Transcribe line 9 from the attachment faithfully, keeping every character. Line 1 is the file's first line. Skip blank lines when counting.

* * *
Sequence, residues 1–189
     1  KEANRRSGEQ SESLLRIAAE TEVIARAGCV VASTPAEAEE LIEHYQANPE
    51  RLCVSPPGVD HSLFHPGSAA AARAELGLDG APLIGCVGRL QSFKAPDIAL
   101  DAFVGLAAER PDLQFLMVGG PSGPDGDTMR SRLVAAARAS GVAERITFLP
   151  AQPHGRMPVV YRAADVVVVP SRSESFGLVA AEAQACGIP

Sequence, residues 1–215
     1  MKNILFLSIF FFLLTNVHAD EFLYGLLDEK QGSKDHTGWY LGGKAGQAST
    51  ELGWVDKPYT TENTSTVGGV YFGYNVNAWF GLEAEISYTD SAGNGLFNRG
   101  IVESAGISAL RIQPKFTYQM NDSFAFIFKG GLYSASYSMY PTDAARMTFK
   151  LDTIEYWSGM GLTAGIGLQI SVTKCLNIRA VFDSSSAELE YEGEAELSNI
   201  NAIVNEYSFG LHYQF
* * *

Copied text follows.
   101  IVESAGISAL RIQPKFTYQM NDSFAFIFKG GLYSASYSMY PTDAARMTFK